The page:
Again, while not deliberately and consciously looking to craft a song that aligns with some kind of religious or spiritual music demographic, unlike the rolling hills and colorful forests of the North American wilderness, spirituality definitely impacts Burton’s sense of self. Thus some of his artistic character takes on influence as well, even if it’s not an excessive or singular creative goal.
“I’m not I’m by no means a very religious person. But I do take myself to be a fairly spiritual person. Like, I I believe that there is a life about this Earth. And there’s even more life on the Earth than we think there is. There’s love and humanity and passion in every living thing – be it a tree, bird, a pig, or a chicken, you know, whatever it is, there’s all this. There’s so much going on, on this planet,” Burton says.
Musically, it’s interesting that the backing band’s combined melodies, harmonies, tempo, and syncopated rhythms, exude a more jovial temperament than the lyrics. The former doesn’t attempt to parallel the somewhat tenuous state of the people highlighted in the song’s narrative (There are echos, whispering , calling from the ledge / There are voices, never heard, never spread / Too many places, too many words get lost in the end). The emotional contrast might initially seem trivial or, perhaps more cynically, even misplaced. Still, Burton will always take time to remind anyone who listens to his music, that there’s no rigid agenda. His creativity, including the noted shift in sonic style for “Further,” is just how the chips fell in his mind at the time.
“I’m not trying to like write one specific genre of music. I just kind of write (songs) as they come,” he says.
That said, much like Burton’s decision to move away from the hectic life of touring and the reprioritization of his life after becoming a father, it makes all the sense in the world that he could and would choose to acknowledge hardships of the present with an optimistic mentality pointing to the future, with a song like “Further.” The coexistence of hopeful promise and weighty discouragement showcases Burton’s willingness to see himself and life overall, just as they are, going with the flow of whatever is needed to evolve for the better.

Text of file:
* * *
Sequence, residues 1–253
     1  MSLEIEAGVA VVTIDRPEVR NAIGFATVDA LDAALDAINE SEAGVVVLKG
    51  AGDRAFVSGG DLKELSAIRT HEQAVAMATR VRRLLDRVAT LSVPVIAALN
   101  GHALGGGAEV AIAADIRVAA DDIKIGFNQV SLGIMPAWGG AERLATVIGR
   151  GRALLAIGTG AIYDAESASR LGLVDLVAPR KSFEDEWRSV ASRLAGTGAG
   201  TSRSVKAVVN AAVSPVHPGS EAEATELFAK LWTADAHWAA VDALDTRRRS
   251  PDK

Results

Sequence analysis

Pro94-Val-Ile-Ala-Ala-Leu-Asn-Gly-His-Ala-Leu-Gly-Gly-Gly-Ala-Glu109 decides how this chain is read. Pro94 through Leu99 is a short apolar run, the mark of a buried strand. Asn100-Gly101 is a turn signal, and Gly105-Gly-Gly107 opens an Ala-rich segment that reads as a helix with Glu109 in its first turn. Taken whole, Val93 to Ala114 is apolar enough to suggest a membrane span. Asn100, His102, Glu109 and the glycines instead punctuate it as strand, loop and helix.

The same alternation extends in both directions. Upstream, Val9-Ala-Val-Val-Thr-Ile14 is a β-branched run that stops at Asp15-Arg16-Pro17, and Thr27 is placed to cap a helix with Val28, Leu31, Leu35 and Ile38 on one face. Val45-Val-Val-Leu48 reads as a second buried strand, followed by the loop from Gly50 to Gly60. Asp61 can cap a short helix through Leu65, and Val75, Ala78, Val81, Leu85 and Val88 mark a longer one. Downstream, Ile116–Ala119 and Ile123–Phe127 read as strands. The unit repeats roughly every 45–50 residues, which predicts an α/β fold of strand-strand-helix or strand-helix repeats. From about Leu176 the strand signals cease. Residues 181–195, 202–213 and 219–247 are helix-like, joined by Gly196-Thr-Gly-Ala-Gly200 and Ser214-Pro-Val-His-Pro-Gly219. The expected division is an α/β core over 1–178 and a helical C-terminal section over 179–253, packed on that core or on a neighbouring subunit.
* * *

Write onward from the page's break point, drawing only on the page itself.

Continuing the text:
“For me, it’s almost like music is very powerful and it speaks to me on lots of different levels. I’ve had so many people come up to me about a specific song I’ve written in the past,” he explains. “(Saying) like, ‘I love that song! Is it about this? This is what this is what it means to me, is this what it’s about?’ and I’ll just be like, ‘Yeah man, it’s whatever you want it to be about.”
“And you know,” he continues, “when I talk about (music) making me feel something, it doesn’t necessarily have to be me alone in a car grooving to a song. If I put on like, some sort of trash, you know, and my kid is just like, ‘No don’t change the channel (and) they’re playing a couple of the songs and dancing and they’re happy in the back of the car, (then) I love that song, because it’s made me feel something because my son or daughter is feeling something, you know?”
“That’s what music does: it makes you feel something and generally it’s kind of tapping into your emotions, and what is happening in your life,” Burton says.
“At least that’s like every song I’ve ever really fallen in love with,” he continues. “It’s like, (a song) might be about f–king space aliens but I’m like, ‘I think it’s about the girl that just broke up with me’ you know? So it’s like music can mean, like I said, anything to anybody.”